Introducing Cooper-Moore

Our Conversation with Cooper-Moore

Ninety percent of my job is contextualization. I take the theme of each issue, choose artists whose work or attitude exemplify some part of that theme, and then talk to them. One of three things usually happens at that point.


One: the interviewee understands the theme in the way I thought they would and it all runs smoothly.


Two: the interviewee has no interest in the theme and wants to take the opportunity, somewhat understandably, to self-promote.


Three: somehow the interviewee transcends self-promotion AND the theme, finding a way to cover a separate world that is too interesting to ignore, whether they fit in my box or not.


Cooper-Moore lives in this third space.


I met with Cooper-Moore in his apartment in East Harlem on yet another humid summer day. With the traffic streaming by outside, we sat down to talk over a pot of tea I never had the presence of mind to drink. Although I had a few questions about his invented and rediscovered instruments like the Diddley Bow and the Twanger, which I naively tried to jam into our conversation, I was finally left only with the option of the Taoist approach. I let myself drift along with his stories, his asides, his opinions, and ultimately his truths and lessons, understanding that what started as an informative talk about how he perceived his role in the world of instrument makers had turned into a lesson from an elder to one young musician.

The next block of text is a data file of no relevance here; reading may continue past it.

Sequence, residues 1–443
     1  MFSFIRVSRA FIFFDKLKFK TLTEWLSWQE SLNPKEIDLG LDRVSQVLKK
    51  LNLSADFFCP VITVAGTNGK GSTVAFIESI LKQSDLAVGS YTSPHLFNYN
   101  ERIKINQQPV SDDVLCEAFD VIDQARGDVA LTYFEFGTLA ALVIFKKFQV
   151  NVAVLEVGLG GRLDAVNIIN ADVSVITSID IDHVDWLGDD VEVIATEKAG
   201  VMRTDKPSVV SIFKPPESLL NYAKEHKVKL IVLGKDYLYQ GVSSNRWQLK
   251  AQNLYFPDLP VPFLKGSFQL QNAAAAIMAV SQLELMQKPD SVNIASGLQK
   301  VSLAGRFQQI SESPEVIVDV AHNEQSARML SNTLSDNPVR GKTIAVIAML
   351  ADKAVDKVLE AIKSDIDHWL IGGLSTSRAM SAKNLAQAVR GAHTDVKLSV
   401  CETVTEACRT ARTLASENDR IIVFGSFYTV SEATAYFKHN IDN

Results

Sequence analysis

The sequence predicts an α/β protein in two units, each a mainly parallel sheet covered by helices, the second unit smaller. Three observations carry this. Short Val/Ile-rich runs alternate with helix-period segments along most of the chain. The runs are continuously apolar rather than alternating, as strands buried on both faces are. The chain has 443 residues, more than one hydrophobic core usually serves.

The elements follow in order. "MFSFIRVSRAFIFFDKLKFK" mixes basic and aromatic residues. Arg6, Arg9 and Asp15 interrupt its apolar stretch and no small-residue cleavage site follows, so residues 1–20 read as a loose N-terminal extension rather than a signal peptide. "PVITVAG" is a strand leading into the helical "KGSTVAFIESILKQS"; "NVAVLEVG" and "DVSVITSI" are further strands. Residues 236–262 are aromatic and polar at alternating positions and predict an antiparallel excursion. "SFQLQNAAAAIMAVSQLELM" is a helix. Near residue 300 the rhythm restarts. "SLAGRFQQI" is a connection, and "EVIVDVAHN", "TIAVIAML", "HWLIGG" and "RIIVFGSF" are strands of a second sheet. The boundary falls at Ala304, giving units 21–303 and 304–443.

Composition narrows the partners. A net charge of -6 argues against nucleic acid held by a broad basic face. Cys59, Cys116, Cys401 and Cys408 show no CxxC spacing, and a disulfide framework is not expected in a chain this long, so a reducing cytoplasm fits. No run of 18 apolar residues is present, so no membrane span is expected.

I returned to the office and downloaded the conversation, dealt with a blown microphone and cleaned up the sound as much as I could. During this technical work, I found myself wrestling with whether I could contextualize Cooper-Moore's lessons so that they would hang on the precarious narrative thread of New and Rediscovered Instruments that was defining the issue. I still don't know the answer. There is a feeling that there's something in what he's saying that is just right, and I know in my heart that Cooper-Moore belongs alongside Hal Rammel, Nicolas Collins, and Neil Feather as an artist that is finding his voice by looking, whether consciously or organically, outside of what we empirically know of music. No amount of baseless contextualization on my part will be able to make that argument more than the four tracks of solo music on this page, so I'll leave off here and let you experience it yourself. If the tracks move you, I suggest you visit Free Music Archive's phenomenal collection of Cooper-Moore: A Retrospective 1990-2010 and spend some alone time with your speakers.